A mosaic of chemical coevolution in a large blue butterfly.

Publikation: Bidrag til tidsskriftTidsskriftartikelForskningfagfællebedømt

David R Nash, Thomas D Als, Roland Maile, Graeme R Jones, Jacobus J Boomsma

Mechanisms of recognition are essential to the evolution of mutualistic and parasitic interactions between species. One such example is the larval mimicry that Maculinea butterfly caterpillars use to parasitize Myrmica ant colonies. We found that the greater the match between the surface chemistry of Maculinea alcon and two of its host Myrmica species, the more easily ant colonies were exploited. The geographic patterns of surface chemistry indicate an ongoing coevolutionary arms race between the butterflies and Myrmica rubra, which has significant genetic differentiation between populations, but not between the butterflies and a second, sympatric host, Myrmica ruginodis, which has panmictic populations. Alternative hosts may therefore provide an evolutionary refuge for a parasite during periods of counteradaptation by their preferred hosts.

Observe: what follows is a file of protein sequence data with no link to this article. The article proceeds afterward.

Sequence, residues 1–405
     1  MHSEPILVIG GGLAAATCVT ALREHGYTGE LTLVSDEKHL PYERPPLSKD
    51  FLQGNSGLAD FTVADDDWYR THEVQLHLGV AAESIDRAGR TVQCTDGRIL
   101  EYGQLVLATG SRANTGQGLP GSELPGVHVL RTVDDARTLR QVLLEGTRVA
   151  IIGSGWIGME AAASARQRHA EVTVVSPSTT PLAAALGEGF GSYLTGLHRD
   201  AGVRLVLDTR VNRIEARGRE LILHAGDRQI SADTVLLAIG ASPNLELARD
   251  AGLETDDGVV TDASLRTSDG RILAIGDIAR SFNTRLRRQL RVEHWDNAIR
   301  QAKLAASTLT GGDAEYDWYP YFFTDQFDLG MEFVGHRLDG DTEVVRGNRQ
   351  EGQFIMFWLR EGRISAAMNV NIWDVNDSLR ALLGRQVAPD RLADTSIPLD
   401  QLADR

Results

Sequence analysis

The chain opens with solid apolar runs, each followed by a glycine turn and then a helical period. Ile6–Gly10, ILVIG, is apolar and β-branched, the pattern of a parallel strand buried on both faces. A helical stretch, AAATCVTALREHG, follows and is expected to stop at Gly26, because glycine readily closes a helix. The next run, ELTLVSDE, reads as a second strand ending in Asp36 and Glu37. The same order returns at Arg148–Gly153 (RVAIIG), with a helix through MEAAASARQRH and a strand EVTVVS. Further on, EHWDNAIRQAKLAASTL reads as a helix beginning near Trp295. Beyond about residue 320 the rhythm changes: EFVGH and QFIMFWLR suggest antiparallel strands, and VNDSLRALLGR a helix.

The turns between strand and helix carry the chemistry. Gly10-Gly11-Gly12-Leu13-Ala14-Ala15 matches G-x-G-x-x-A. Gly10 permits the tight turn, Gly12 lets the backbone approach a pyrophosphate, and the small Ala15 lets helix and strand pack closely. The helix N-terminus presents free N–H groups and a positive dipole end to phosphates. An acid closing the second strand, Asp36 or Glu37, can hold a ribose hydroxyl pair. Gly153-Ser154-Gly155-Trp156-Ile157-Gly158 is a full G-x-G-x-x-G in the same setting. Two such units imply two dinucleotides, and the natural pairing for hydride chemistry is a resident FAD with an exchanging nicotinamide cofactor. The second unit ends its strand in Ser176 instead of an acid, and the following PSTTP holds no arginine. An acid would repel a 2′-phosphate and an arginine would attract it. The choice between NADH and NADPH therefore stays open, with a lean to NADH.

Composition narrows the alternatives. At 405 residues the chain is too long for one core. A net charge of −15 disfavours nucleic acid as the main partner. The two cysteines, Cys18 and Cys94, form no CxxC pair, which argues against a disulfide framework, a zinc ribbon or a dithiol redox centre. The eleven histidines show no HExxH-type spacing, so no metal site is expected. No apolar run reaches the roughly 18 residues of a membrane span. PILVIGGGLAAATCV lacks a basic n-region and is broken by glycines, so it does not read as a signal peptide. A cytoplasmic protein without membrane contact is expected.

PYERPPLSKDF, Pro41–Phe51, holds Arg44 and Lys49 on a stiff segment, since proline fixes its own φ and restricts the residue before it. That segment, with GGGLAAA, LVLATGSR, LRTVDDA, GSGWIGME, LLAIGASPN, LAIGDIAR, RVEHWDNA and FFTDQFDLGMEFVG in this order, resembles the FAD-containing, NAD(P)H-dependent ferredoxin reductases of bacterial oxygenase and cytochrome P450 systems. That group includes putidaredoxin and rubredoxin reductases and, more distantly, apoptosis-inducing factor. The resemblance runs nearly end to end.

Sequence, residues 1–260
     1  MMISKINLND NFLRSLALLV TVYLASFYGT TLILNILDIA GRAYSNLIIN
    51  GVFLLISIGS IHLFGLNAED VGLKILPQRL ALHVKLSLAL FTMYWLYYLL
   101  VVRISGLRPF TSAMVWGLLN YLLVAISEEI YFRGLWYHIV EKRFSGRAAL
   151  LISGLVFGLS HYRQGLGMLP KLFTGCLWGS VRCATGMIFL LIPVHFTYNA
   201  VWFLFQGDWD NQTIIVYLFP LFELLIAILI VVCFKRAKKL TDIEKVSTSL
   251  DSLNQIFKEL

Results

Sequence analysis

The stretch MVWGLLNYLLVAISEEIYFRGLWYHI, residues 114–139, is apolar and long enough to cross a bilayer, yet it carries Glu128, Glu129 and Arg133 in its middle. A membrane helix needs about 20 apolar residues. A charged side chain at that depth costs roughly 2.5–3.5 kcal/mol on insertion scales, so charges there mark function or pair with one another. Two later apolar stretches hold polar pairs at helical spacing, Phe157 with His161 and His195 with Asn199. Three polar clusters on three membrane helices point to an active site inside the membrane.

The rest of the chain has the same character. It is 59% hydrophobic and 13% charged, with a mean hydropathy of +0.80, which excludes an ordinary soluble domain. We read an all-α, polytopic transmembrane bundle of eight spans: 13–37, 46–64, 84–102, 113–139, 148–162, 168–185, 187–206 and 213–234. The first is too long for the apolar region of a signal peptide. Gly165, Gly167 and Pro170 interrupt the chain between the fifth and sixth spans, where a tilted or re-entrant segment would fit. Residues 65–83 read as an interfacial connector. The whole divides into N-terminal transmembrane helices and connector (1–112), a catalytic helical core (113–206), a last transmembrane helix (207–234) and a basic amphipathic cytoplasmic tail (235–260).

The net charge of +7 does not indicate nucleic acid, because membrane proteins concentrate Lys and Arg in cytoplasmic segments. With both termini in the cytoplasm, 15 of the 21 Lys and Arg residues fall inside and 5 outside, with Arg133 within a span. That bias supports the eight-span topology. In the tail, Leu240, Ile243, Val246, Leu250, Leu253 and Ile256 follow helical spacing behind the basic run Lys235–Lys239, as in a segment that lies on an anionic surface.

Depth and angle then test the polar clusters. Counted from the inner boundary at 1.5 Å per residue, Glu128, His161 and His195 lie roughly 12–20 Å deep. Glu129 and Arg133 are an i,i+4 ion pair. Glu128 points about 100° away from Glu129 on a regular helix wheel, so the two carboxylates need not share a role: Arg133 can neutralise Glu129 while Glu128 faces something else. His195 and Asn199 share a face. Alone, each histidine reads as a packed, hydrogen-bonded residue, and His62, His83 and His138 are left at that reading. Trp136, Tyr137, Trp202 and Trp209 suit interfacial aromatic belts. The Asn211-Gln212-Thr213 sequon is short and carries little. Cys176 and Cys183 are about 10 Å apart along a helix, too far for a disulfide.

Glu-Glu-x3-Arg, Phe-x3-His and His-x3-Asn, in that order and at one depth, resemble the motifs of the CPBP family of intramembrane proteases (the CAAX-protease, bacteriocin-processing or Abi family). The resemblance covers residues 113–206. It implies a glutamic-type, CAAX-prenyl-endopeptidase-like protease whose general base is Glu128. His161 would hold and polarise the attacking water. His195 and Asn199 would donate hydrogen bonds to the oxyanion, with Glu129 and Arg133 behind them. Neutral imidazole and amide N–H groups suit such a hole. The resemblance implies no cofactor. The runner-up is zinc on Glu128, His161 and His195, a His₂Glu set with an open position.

Udgivelsesdato: 2008-Jan-4
OriginalsprogEngelsk
TidsskriftScience
Vol/bind319
Udgave nummer5859
Sider (fra-til)88-90
Antal sider2
ISSN0036-8075
DOI
StatusUdgivet - 2008

ID: 2688698